I couldn’t have done this work while living in China, where female-male roles are very specific and I grew up learning to hide my thoughts. In the U.S.A., I feel completely free.

Experimental Relationship
Through Sept. 22 at the Croisière.

Christian Lutz

“In Jesus’ Name” is part of a trilogy on economic, political and religious power. I worked within a evangelical church in my native Switzerland, the International Christian Fellowship, for over a year.

When the resulting book was published, the I.C.F. leaders filed a complaint and had the courts prohibit its sales. The book reflects my personal view of what I had been given permission to photograph, whereas they were expecting something more promotional.

I now show the images with banners covering the faces; on them is the exact wording of what the I.C.F. a said about each photo.

One image shows a young woman at a summer camp playing with a water pistol, arms outstretched Joan-of-Arc-like. To me she is highly symbolic of the evangelical crusade. The I.C.F. said that “the photo could be read as a case of sex and violence.”

In Jesus’ Name
Through Sept. 20 at the Fisheye Gallery.

Emeric Lhuisset

I long viewed Turkey as a model of democracy for the Middle East, and as a Frenchman I hoped it would join the European Union. But after the huge crackdown on opposition and journalists and the brutal resumption of the war on the Kurds, reality kicked in.

I looked back over a century and realized that ever since the Armenian genocide, Turkey had methodically erased people, places and memories that came in the way of the rulers’ view of the nation. What ceased to be seen or mentioned simply disappeared.

In this work, I focus on the continuing conflict with the Kurds, which it is forbidden to mention in Turkey. I printed satellite images of Diyarbakir, in southeastern Turkey, then literally cut out the historic district of Sur, which is listed as a Unesco World Heritage Site, and which I’d seen reduced to rubble in 2015.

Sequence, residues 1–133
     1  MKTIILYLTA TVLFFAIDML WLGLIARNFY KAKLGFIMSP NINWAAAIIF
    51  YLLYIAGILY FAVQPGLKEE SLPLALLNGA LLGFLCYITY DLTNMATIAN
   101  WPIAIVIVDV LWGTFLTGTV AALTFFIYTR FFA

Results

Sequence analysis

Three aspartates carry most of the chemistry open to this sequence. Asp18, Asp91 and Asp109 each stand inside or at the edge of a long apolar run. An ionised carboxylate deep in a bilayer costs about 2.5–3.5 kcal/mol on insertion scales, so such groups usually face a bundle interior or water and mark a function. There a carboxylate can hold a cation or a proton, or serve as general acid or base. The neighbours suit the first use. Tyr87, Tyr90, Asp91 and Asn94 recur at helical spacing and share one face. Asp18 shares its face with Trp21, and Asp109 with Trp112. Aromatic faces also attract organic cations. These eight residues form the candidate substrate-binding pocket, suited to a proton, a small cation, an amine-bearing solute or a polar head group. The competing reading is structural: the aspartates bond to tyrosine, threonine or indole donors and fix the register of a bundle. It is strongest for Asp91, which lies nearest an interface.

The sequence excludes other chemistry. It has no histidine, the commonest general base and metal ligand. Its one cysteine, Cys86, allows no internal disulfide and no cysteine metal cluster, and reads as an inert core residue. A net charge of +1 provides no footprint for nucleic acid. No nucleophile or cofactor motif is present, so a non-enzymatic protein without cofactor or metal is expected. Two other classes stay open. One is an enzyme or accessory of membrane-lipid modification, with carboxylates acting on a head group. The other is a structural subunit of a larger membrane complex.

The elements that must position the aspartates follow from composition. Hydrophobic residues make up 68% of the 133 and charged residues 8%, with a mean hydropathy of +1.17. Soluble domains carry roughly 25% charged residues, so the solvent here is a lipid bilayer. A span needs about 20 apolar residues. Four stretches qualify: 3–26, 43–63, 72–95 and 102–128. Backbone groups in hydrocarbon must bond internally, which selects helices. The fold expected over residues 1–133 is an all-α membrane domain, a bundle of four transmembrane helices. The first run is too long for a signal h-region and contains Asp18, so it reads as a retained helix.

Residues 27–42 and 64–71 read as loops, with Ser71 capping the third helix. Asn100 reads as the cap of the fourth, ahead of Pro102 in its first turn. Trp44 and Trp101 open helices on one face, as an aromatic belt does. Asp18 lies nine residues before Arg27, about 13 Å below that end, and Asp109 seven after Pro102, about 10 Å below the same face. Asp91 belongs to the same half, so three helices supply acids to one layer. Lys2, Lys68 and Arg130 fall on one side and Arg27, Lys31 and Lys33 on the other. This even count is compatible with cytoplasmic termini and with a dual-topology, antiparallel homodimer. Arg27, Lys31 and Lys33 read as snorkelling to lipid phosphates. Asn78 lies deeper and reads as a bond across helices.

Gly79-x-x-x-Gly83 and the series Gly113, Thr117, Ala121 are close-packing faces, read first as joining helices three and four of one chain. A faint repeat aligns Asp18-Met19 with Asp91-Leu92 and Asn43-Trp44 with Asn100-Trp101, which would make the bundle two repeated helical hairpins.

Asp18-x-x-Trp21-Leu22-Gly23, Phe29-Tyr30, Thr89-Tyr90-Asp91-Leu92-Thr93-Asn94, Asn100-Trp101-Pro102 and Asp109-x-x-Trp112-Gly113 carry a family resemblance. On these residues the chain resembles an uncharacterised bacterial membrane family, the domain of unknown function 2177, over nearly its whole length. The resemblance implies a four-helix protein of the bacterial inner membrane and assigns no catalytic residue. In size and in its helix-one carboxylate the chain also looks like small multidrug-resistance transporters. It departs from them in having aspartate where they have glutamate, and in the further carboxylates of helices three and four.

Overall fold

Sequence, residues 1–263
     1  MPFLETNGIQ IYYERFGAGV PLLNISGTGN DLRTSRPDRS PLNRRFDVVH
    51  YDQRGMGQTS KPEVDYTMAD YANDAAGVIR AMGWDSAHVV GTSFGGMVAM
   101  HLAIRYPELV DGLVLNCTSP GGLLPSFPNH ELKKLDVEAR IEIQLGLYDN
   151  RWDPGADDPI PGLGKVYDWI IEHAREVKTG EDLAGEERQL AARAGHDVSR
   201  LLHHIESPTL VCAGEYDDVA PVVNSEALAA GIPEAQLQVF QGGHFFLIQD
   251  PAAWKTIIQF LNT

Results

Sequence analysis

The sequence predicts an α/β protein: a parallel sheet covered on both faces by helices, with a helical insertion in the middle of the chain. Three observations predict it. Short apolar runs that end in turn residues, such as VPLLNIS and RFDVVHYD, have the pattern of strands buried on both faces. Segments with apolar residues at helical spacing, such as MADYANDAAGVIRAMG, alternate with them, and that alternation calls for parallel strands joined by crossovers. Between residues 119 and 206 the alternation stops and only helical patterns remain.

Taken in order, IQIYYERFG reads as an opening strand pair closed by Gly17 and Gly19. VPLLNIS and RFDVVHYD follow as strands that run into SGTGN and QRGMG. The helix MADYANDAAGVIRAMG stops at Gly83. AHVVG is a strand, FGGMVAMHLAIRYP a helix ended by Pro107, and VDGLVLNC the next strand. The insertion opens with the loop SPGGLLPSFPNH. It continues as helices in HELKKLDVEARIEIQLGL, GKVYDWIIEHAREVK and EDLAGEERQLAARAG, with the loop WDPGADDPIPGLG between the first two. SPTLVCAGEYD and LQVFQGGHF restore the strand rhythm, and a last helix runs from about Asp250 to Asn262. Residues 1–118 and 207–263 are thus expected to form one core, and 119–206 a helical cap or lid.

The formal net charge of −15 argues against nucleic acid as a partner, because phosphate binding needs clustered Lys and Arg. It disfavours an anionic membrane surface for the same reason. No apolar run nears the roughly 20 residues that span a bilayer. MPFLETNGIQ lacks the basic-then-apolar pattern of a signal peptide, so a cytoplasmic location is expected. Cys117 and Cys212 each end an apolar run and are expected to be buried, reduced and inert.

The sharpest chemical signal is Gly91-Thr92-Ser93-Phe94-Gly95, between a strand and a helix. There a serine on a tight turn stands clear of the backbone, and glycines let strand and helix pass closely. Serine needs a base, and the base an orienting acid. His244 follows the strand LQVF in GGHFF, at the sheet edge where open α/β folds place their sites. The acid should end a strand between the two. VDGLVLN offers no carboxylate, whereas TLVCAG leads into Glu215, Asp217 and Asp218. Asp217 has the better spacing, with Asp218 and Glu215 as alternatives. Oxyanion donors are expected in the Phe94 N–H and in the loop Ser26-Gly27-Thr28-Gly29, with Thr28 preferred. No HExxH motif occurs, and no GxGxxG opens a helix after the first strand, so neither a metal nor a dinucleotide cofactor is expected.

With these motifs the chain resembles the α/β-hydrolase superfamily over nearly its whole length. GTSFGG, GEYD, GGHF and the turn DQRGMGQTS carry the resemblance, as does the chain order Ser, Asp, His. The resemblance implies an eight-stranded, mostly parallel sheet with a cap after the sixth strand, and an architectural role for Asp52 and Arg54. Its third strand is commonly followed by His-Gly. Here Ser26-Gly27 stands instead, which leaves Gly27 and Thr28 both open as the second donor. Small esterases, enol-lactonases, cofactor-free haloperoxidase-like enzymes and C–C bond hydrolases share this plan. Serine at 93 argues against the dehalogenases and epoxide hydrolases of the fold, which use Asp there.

I also used a photograph I’d shot in 2012 of Kurdish fighters and, with Photoshop, removed them and the surrounding smoke from the image. The resulting landscape is empty and uninteresting looking, as if the war had never taken place.

When the Clouds Speak
Through Sept. 22 at the Cloître Saint-Trophime.

Marjan Teeuwen

Some time after obtaining my art degree, I stacked a pile of my belongings on a chair at home and photographed them. Then I stacked my living room, then other spaces in my house and eventually tried with an entire building nearby, then others in the Netherlands (my country), then Russia and Gaza.

My installations are a form of farewell to buildings scheduled to be destroyed.

I pierce ceilings, dig into the basement, knock down walls. Using the rubble and discarded materials found in the area, I create a temporary parallel world, an inner mental space cut off from the outside, open to visitors for an immersive experience.

I photograph it before it is destroyed, and then move on to my next project.

In Arles I was invited to work in a condemned garage building. This installation will soon be destroyed along with the garage to make way for a cinema. I see my works as large-scale 17th-century Dutch vanitas.

Construction and destruction, order and chaos, the end and a new beginning — this is the essence of the human condition.

Destroyed House
Through Sept. 22 at the Croisière.